I had two conversations in pretty quick succession that pointed towards the extremes of service we face every day.

Both talking about (different) new products. The first, a “name” advertising guy, said,

“It’s possible to cover up a bad product with good advertising.”

The second, a middle manager at one of the world’s biggest computer companies, said,

“We need to make sure the back end is bomb proof before we get the sales force excited.”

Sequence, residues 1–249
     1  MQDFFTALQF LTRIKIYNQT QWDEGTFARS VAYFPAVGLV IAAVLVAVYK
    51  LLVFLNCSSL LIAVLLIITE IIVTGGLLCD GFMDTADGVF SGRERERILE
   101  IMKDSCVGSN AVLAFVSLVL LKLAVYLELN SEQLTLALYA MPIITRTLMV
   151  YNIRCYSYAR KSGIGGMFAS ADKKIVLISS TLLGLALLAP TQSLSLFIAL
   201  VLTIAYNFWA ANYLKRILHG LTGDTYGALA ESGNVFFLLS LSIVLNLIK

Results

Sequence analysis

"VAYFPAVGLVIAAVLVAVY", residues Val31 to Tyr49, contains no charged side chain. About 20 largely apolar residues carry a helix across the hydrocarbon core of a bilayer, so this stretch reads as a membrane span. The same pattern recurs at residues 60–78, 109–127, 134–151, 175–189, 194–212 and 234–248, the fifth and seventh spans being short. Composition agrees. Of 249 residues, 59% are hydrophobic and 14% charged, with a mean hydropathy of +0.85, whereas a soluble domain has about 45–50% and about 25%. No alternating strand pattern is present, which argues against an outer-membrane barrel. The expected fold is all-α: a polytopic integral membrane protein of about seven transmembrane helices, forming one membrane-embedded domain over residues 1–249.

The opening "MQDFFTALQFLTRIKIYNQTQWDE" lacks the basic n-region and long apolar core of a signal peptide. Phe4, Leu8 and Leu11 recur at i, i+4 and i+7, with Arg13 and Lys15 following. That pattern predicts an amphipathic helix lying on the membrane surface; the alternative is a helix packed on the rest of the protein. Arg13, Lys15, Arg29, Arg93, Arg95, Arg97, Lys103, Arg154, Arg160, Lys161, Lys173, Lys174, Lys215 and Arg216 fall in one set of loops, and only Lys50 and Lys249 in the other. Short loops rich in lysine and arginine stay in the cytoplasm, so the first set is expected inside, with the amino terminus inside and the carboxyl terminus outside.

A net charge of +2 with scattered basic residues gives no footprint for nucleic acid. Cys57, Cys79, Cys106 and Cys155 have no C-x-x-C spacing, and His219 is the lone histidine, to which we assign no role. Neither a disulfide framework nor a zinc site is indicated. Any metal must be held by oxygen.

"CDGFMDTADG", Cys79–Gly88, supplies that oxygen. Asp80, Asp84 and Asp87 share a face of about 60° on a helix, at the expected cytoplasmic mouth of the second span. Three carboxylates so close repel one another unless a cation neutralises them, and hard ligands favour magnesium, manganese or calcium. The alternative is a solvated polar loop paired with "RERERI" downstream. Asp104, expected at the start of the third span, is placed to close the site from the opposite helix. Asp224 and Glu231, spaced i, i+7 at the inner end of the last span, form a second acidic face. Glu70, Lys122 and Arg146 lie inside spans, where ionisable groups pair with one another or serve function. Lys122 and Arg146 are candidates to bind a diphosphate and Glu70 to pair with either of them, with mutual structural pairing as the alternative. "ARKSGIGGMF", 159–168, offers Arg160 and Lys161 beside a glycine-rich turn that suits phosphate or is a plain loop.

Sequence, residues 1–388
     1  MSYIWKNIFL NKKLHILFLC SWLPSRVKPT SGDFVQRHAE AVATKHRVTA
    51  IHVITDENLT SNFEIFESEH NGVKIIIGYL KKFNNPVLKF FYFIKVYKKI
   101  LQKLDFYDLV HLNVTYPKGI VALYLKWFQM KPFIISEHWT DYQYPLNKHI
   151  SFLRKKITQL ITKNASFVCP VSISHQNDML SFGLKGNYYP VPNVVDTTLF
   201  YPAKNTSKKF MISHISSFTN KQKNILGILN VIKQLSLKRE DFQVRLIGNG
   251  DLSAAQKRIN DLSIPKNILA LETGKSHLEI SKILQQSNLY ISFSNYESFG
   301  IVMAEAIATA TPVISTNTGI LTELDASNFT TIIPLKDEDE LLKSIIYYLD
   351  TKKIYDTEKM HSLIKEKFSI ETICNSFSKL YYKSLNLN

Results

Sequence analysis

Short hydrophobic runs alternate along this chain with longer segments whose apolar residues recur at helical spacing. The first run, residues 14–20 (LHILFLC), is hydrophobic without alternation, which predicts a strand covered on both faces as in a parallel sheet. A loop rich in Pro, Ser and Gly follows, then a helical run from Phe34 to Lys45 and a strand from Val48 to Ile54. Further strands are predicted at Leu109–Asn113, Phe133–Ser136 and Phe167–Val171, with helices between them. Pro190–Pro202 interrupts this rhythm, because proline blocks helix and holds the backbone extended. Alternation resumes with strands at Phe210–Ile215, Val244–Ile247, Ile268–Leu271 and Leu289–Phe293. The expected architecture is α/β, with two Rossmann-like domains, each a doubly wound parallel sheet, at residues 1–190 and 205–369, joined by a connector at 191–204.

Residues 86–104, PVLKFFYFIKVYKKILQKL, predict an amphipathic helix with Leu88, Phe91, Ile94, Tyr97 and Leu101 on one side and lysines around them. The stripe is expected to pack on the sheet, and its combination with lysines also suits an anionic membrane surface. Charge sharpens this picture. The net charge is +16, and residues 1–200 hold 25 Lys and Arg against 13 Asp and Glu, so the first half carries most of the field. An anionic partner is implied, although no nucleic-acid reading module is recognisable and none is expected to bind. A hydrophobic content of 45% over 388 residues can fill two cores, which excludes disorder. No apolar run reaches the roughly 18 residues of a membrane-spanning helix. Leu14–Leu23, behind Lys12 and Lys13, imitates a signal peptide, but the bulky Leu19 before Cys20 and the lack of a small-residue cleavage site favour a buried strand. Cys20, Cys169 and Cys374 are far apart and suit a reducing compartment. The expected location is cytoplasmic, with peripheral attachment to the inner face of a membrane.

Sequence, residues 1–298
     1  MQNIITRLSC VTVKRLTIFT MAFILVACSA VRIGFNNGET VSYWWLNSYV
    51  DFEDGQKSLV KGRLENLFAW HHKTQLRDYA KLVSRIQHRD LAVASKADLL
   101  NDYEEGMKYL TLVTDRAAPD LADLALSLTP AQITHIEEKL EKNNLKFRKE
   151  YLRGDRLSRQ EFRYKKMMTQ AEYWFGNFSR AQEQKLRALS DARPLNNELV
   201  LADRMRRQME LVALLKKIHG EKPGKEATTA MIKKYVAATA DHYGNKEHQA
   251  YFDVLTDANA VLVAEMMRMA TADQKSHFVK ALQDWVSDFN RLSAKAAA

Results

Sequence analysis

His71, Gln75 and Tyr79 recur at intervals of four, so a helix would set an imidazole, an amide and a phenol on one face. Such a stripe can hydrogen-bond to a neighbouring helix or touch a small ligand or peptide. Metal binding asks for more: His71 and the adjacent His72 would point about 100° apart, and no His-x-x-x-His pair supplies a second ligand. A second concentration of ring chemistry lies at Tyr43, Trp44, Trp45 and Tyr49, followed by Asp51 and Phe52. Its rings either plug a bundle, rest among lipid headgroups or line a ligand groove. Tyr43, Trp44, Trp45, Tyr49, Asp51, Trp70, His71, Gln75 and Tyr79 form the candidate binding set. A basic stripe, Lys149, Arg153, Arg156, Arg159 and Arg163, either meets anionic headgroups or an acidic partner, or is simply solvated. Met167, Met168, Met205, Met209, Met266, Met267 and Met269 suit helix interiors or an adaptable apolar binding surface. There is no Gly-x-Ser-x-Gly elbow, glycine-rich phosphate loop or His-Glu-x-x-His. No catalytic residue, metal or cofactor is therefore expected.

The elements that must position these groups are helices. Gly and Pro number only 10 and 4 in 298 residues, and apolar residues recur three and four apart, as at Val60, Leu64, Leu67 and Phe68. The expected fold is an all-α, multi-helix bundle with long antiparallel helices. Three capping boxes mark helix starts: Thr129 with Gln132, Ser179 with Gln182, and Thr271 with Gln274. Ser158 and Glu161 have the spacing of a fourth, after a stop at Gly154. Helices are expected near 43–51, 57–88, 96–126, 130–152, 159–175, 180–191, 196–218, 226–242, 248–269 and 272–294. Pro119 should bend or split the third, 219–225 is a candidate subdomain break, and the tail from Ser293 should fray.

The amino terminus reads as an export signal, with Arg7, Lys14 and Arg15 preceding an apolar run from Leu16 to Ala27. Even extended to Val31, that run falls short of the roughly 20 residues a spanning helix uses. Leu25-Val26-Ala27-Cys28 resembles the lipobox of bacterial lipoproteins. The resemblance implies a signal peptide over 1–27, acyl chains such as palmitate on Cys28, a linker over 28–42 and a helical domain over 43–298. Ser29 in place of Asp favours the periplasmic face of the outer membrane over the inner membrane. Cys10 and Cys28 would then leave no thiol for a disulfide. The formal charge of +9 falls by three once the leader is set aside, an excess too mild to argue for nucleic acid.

Which product would you rather buy?

I’m not suggesting that the advertising guy was recommending what he was saying, or even liking it. He wasn’t. But the fact that he had this answer down pat shows that too few companies take the approach of the computer guy.

Faced with an opportunity to make money, which option do you take? The quick don’t-ask-difficult-questions-how-many-can-we-shift approach or the slower hold-on,-let’s-make-sure-we-do-this-right approach.

Where’s the money?

A certain big computer company might say, “go slow, add a few steps, make sure the back end is bomb proof.”

I’d say, “skip.”

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Keeping Promises Making Promises Skippiness